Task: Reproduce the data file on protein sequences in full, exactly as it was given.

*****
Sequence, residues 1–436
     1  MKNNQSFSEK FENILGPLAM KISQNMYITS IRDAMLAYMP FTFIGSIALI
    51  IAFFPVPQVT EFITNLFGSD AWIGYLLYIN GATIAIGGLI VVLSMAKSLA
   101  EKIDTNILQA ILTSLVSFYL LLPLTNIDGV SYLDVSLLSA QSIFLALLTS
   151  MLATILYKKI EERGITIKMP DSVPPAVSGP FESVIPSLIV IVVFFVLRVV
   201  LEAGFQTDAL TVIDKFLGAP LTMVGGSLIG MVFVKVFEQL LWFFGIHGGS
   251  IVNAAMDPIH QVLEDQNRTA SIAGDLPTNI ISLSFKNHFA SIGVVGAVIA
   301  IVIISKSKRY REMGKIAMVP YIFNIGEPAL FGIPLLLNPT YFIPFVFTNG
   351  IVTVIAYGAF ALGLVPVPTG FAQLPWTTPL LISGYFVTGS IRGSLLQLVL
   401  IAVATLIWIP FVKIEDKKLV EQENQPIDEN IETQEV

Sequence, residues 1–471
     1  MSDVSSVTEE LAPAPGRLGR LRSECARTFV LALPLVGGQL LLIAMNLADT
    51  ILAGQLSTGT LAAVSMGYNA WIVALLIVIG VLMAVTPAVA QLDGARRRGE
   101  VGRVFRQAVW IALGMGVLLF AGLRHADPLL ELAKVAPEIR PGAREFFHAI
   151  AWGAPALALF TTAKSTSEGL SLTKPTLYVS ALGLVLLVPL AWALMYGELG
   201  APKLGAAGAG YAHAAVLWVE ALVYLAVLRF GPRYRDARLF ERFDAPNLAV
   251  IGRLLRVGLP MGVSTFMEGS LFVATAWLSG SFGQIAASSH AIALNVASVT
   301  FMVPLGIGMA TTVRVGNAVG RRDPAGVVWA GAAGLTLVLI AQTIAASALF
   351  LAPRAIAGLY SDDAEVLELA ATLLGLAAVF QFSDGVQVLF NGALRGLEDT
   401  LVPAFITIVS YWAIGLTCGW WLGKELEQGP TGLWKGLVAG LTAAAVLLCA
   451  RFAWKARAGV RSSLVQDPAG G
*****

Sequence, residues 1–436
     1  MKNNQSFSEK FENILGPLAM KISQNMYITS IRDAMLAYMP FTFIGSIALI
    51  IAFFPVPQVT EFITNLFGSD AWIGYLLYIN GATIAIGGLI VVLSMAKSLA
   101  EKIDTNILQA ILTSLVSFYL LLPLTNIDGV SYLDVSLLSA QSIFLALLTS
   151  MLATILYKKI EERGITIKMP DSVPPAVSGP FESVIPSLIV IVVFFVLRVV
   201  LEAGFQTDAL TVIDKFLGAP LTMVGGSLIG MVFVKVFEQL LWFFGIHGGS
   251  IVNAAMDPIH QVLEDQNRTA SIAGDLPTNI ISLSFKNHFA SIGVVGAVIA
   301  IVIISKSKRY REMGKIAMVP YIFNIGEPAL FGIPLLLNPT YFIPFVFTNG
   351  IVTVIAYGAF ALGLVPVPTG FAQLPWTTPL LISGYFVTGS IRGSLLQLVL
   401  IAVATLIWIP FVKIEDKKLV EQENQPIDEN IETQEV

Sequence, residues 1–471
     1  MSDVSSVTEE LAPAPGRLGR LRSECARTFV LALPLVGGQL LLIAMNLADT
    51  ILAGQLSTGT LAAVSMGYNA WIVALLIVIG VLMAVTPAVA QLDGARRRGE
   101  VGRVFRQAVW IALGMGVLLF AGLRHADPLL ELAKVAPEIR PGAREFFHAI
   151  AWGAPALALF TTAKSTSEGL SLTKPTLYVS ALGLVLLVPL AWALMYGELG
   201  APKLGAAGAG YAHAAVLWVE ALVYLAVLRF GPRYRDARLF ERFDAPNLAV
   251  IGRLLRVGLP MGVSTFMEGS LFVATAWLSG SFGQIAASSH AIALNVASVT
   301  FMVPLGIGMA TTVRVGNAVG RRDPAGVVWA GAAGLTLVLI AQTIAASALF
   351  LAPRAIAGLY SDDAEVLELA ATLLGLAAVF QFSDGVQVLF NGALRGLEDT
   401  LVPAFITIVS YWAIGLTCGW WLGKELEQGP TGLWKGLVAG LTAAAVLLCA
   451  RFAWKARAGV RSSLVQDPAG G